When iCloud provider Apple moved from its former cloud storage service MobileMe in 2011, Apple gave away 20GB of free cloud storage to those who signed up for the offer. Well, iCloud is now out of its beginning chapter; with the end of the first chapter comes the end of – you guessed it! – 20GB of free cloud storage.
In the image below, users are being reminded by Apple that they have one week (now less than seven days) to handle their iCloud storage dilemma before their iCloud account experiences issues. Many individuals have likely made good on the 20GB of free storage given to them and now find themselves having to either 1) delete documents and photos or 2) purchase more iCloud storage in order to avoid the dilemma.
What iCloud Storage Amount Will Users Have After September 30th?
Basic iCloud users now receive a free 5GB of storage on their iPad, iPhone, or iPod Touch that is set aside for cloud storage when they purchase an iDevice. Former 20GB iCloud recipients will see their cloud storage reduced to 5GB within the next week.
Some individuals believe that 5GB of cloud storage isn’t much for their numerous photos and documents, but I have learned that you can use 5GB of storage to keep thousands of photos backed up on your device. Cloud storage, even with Apple’s iCloud, tends to compress documents and photos so as to reduce the amount of space they consume on your iDevice.
What Will Happen if iCloud Storage Users Do Nothing?
Some individuals may decide to do nothing about their iCloud storage dilemma. The problem, however, is that, should you decide to sit back and do nothing, “iCloud Backup, Documents in the Cloud, and iCloud Mail will temporarily stop working,” notes Apple in its letters to iCloud recipients. In other words, you won’t be able to access emails, documents, or photos until the problem is resolved.
What Action Should You Take With Your iCloud Account?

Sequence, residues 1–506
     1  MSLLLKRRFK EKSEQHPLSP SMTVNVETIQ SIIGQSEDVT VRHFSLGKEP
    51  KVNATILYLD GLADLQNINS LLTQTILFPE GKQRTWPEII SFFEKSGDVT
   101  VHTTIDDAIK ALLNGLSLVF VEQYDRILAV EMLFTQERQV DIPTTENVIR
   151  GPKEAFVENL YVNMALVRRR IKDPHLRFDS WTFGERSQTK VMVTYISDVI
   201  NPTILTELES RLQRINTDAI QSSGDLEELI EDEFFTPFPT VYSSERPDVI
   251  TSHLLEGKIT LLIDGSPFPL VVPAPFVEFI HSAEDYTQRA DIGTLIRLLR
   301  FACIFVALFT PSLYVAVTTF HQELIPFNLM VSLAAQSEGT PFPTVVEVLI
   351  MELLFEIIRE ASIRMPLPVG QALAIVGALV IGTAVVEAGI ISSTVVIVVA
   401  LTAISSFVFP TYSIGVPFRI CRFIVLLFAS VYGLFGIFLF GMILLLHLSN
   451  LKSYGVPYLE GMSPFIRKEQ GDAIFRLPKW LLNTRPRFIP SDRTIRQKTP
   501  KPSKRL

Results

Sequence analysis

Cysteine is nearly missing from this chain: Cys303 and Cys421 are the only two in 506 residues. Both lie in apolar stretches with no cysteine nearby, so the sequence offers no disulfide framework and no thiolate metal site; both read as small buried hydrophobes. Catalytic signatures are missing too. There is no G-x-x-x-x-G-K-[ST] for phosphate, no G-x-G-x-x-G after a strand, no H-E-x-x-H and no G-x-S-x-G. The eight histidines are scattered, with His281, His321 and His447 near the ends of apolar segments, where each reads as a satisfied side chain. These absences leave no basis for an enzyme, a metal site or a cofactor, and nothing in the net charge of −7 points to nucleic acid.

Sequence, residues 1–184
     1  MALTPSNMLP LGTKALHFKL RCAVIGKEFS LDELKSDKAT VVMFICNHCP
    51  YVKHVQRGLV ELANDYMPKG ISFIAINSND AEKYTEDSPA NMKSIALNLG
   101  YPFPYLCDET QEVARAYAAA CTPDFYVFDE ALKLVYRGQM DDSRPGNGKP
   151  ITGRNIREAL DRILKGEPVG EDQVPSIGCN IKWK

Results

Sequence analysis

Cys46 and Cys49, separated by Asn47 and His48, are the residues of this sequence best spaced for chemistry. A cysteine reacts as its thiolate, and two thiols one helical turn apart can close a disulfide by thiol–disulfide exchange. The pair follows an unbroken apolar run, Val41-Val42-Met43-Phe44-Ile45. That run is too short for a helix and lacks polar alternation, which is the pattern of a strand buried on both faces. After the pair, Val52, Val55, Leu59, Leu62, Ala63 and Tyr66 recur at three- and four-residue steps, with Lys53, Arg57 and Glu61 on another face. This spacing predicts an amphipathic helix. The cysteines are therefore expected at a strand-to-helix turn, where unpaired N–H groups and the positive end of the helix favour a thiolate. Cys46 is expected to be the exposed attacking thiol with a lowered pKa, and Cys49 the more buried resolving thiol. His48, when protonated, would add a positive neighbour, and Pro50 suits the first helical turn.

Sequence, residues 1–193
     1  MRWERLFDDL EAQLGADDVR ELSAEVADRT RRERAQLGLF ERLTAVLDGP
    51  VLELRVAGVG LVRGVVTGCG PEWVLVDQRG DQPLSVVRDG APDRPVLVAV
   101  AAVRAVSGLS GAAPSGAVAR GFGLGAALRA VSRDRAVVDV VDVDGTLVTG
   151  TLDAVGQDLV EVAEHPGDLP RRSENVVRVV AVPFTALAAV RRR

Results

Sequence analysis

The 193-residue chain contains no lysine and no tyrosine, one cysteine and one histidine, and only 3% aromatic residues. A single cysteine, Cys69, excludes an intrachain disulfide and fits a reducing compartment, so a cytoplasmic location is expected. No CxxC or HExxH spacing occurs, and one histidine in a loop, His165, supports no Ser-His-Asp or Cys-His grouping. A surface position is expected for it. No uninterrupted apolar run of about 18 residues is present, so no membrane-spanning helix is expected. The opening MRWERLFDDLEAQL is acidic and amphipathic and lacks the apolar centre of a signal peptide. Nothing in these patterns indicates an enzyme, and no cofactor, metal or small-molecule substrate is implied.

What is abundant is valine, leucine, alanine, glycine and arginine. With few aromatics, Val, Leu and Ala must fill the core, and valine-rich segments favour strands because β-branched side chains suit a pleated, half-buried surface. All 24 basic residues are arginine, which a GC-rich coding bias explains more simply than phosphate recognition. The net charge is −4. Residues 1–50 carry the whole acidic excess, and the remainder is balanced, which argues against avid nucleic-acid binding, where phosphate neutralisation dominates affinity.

With Apple’s generosity being cut in some sense, iCloud users are left in the dark, many not knowing how to proceed from this point. There are a few solutions to the iCloud problem that I can suggest for you.
If you have been happy with iCloud, then retain the 5GB of cloud storage Apple provides. In addition to keeping your iCloud storage, however, you can also use other cloud storage services such as Amazon’s Cloud Drive, Copy, Loom, Dropbox, Google Drive, and SkyDrive, among others.
Amazon’s Cloud Drive offers you a free 5GB of cloud storage, and lets you view photos and documents on the device and in the cloud in the cloud drive app without leaving the app to head to your camera roll. The Amazon Cloud Drive app is available at the App Store, and should be easy to use for Amazon.com account members.
Loom is a cloud storage service that makes device syncing easy, so that photos you store on your iPad become accessible to you on your iPhone or Android tablet. Loom provides a free 5GB of storage, as does Amazon’s Cloud Drive and iCloud.
Copy provides a free 15GB of free cloud storage when you sign up, and offers you 5GB per referral to Copy’s cloud storage. There is a lot of cloud storage here to take advantage of. Copy has not been around that long (is fairly new), and is looking for referrals to its service. With that said, if you have a lot of friends, you stand to benefit from using Copy’s cloud storage service. Copy is one of the top iCloud competitors on the market at the moment.
Another excellent iCloud competitor for those who have nowhere to turn is Dropbox. Dropbox is one of the more renown cloud storage services, but it works similar to Loom in device syncing. If you own an iCloud account on an iPhone or iPod Touch but also own an Android or Samsung Galaxy device, you most likely have free Dropbox cloud storage if you sign up for a new Dropbox account.
Dropbox promises to keep your cloud storage open for two years. With my recent purchase of the GS4 Active, I was given 50GB of free cloud storage with extra for referrals. I’m not suggesting that you buy a Samsung Galaxy phone for this reason, but if you already own one, it may help with your iCloud troubles.
SkyDrive will provide 7GB of free cloud storage but may give you up to 15GB of free cloud storage if you show them proof of your current iCloud subscription. You will have to keep your iCloud storage letter sent from Apple and email HelpMeSkyDrive@outlook.com to tell them who you are and request your free cloud storage. Take advantage of this offer within the next week.
Google Drive is there for those of you that live on Google’s services. Google offers 15GB of free storage up-front. Between Google Drive, Copy, and SkyDrive, you could have a potential cloud storage base of 45GB (if you show proof of your letter at SkyDrive and enroll in free accounts with the other two cloud services).
Getting free storage all depends on what your needs are, but I would say go with the largest cloud storage services. Those are the ones that, by far, will allow you to live in ease with your cloud storage for a long while. Amazon’s Cloud Drive will always be there; as for Dropbox, however, take the 50GB of free storage if you own an Android device and have the offer given.